Things are now moving quickly in the world of cryptocurrencies and digital assets, but Australia is moving slowly and being left behind.
There are two reason some serious attention needs to be given to digital currencies and blockchain: first, they are driving a profound revolution in commerce that will be bigger than the internet itself, and second, there is going to be an almighty crash at some point as the price bubble deflates, which could have a wide impact.
Bitcoin has already crashed once, in late 2017 when it went from $US18,400 ($A23,840) to $US6600 in two months, but in those days it was a “small earthquake in Chile, not many dead” (to quote the Times’ sub-editor Claud Cockburn, who reputedly won a “dullest headline” competition with that effort).
Now Bitcoins are about $US56,000 apiece, having peaked at $US64,000 two weeks ago.
Maybe the crash has started already, maybe not, but the reason it’s more dangerous now is not so much that the price is higher, but that leverage is building and digital assets are becoming deeply interconnected to other financial markets.
Some crypto exchanges allow borrowing of up to 100 times the value of the asset, and digital assets are no longer the exclusive domain of geeks. Everyone’s into them now – they are the hottest things in town.
And it’s not just about Bitcoin: The market value of the top 50 digital assets apart from Bitcoin has gone from $US100 billion to $US850 billion since the start of this year. Add Bitcoin and the market is worth well over $US2 trillion.
So a crypto crash now would be more of a systemic event, like the GFC, when the global financial system was brought to its knees by US mortgages.
The mortgages were fine individually; the problem was the way they were leveraged and woven into the financial system by investment banks.
In one way the cryptocurrency bubble is simply an outcome of central banks growing money supply faster than GDP for more than a decade.
The result has been rampant asset price inflation caused by low cost of capital and too much cash, which is also producing massive inequality as the rich get much richer and the poor do not.
As well as a massive boom in tech stocks like Amazon, Facebook, Microsoft and Google, blockchain technology has created new digital avenues for speculation and wealth preservation as an alternative to central bank money.
And there is the same paradox this time as happened in the 1990s, when the first tech bubble expanded and then popped: There is something very significant and lasting going on underneath it, it’s just that the price is running ahead of reality.
For example, last week an Australian law firm, Piper Alderman, became the first to execute a blockchain-based payment guarantee in a contract.
It used technology developed by a company called Lygon, which is backed by CBA, Westpac, ANZ, Scentre Group and IBM.
All major world central banks, including the Reserve Bank of Australia, are either investigating or working on digital blockchain versions of their currencies. The People’s Bank of China is furthest advanced and is testing its CBDC (central bank digital currency) right now. The RBA is just investigating.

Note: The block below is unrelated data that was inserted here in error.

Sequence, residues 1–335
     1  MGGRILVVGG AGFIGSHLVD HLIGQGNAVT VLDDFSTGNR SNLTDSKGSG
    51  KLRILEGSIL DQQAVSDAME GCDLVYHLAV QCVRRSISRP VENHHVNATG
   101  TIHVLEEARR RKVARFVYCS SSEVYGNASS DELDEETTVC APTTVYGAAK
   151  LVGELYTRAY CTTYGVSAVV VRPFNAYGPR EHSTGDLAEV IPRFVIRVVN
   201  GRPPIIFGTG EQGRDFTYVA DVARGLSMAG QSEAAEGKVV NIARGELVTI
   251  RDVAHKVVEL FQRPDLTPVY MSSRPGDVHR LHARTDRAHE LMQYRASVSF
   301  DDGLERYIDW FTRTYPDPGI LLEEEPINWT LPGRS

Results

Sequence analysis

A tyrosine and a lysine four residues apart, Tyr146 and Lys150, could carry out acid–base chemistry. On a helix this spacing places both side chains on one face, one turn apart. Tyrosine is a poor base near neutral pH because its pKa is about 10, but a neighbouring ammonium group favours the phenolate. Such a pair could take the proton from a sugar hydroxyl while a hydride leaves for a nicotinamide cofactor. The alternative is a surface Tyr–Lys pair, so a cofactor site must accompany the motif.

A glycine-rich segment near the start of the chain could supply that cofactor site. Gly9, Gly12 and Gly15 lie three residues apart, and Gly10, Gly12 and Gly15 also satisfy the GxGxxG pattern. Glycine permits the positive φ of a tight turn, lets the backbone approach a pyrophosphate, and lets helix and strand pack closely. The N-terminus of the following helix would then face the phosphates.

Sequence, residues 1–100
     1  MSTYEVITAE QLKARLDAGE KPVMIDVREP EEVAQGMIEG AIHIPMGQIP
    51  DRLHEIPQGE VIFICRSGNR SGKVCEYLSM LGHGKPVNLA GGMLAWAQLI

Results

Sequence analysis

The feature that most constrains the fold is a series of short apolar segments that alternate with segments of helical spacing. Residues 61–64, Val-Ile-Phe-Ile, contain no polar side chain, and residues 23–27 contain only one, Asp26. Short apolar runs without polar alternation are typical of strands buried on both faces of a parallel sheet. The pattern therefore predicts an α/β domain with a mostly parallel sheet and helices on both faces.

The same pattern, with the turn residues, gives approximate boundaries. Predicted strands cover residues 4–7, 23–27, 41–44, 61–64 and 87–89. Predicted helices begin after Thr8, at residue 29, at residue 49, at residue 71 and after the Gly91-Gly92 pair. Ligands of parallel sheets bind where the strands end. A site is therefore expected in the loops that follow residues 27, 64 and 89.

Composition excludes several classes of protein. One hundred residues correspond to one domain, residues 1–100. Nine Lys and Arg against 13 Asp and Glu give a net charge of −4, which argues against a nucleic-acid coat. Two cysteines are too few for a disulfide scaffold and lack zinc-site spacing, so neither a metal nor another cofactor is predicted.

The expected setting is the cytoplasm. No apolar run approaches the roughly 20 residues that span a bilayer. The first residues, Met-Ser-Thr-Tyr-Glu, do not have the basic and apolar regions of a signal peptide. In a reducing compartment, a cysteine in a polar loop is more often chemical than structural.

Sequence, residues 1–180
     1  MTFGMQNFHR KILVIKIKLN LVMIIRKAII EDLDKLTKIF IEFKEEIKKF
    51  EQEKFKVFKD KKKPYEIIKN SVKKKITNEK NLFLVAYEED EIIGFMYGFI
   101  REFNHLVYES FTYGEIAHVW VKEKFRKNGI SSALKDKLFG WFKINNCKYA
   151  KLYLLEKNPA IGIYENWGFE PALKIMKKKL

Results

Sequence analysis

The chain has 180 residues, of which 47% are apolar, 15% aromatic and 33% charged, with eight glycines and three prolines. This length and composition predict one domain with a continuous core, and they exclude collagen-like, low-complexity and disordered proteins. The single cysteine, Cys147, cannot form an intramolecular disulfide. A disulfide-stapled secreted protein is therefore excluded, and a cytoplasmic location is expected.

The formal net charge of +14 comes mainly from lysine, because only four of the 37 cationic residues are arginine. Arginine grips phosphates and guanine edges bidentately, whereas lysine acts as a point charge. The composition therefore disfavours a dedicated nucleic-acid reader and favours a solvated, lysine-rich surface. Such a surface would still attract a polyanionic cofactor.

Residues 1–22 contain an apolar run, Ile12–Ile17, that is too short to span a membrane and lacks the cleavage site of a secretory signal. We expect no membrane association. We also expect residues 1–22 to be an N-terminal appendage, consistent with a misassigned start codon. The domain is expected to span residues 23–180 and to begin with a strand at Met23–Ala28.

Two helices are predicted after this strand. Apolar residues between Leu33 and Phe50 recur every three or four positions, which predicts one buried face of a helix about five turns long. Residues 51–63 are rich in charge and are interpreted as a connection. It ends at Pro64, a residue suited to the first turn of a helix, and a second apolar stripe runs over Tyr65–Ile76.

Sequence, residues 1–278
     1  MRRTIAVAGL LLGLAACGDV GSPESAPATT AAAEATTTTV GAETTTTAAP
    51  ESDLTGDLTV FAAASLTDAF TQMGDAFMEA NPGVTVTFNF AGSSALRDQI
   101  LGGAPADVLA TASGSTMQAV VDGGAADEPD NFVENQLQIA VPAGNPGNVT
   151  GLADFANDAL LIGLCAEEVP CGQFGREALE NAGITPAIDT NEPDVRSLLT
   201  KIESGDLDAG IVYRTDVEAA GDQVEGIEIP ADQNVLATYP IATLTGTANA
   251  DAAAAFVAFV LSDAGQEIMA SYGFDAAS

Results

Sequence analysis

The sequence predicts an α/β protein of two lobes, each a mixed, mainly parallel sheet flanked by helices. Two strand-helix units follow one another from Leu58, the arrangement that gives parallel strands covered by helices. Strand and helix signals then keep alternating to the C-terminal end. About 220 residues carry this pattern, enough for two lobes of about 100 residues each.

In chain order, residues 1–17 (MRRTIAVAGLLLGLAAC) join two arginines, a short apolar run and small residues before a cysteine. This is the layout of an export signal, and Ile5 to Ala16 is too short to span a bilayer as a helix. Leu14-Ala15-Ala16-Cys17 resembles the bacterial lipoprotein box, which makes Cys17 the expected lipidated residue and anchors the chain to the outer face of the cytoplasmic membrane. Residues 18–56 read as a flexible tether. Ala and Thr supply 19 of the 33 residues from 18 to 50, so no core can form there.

RMIT University is working with the Queensland government to develop blockchain water rights trading, and the Australian Border Force is trialling the use of blockchain to simplify cross-border trade compliance.
One of the new cryptocurrencies, called Filecoin, is being used to create a global commodity market in data storage, using tokens and blockchain to knit together millions of computers around the world with spare capacity to disrupt the data storage duopoly of Amazon and Microsoft.
Whatever happens to the price of Bitcoin and the other crypto currencies, a permanent revolution is taking place that will change the world.
There will no doubt end up being fewer individual cryptocurrencies than the 4500 or so there are now, but there will never be none.
Bitcoin is already seen as a serious store of value to rival gold.
But as Senator Andrew Bragg, chair of the ambitiously named Senate Select Committee on Australia as a Technology and Financial Centre, told a blockchain and digital currency conference last week: “The problem is that there is not a clear policy framework.”
He said the driver of the problem is that blockchain is a new form of property right.
“It is not, of itself, a security, a share, a bond, personal property, or a contract. It may include these aspects, it may draw upon these frameworks, but to pigeonhole it into these arenas is an ultimately futile exercise.”
So Senator Bragg is calling on the government to establish a regulatory framework for it “which we can’t leave to regulators – it is not their job to make policy. That is up to us, the policy makers elected by the people”.
The lack of policy means the Australian financial sector is being cut off from opportunities, with banks unwilling to provide any services to this new industry, but also it’s harder to track and prosecute any malicious use of digital assets and blockchain.
Yes, there are a few other things going on at the minute – such as saving the planet and preventing mass illness and death – but Andrew Bragg is right: A taskforce needs to be set up to get moving on a legal and regulatory framework for blockchain.
Australia became an internet backwater, a mere client of Silicon Valley.
Does it have to be same for the next phase of the fourth industrial revolution?
Alan Kohler writes twice a week for The New Daily. He is also editor in chief of Eureka Report and finance presenter on ABC news.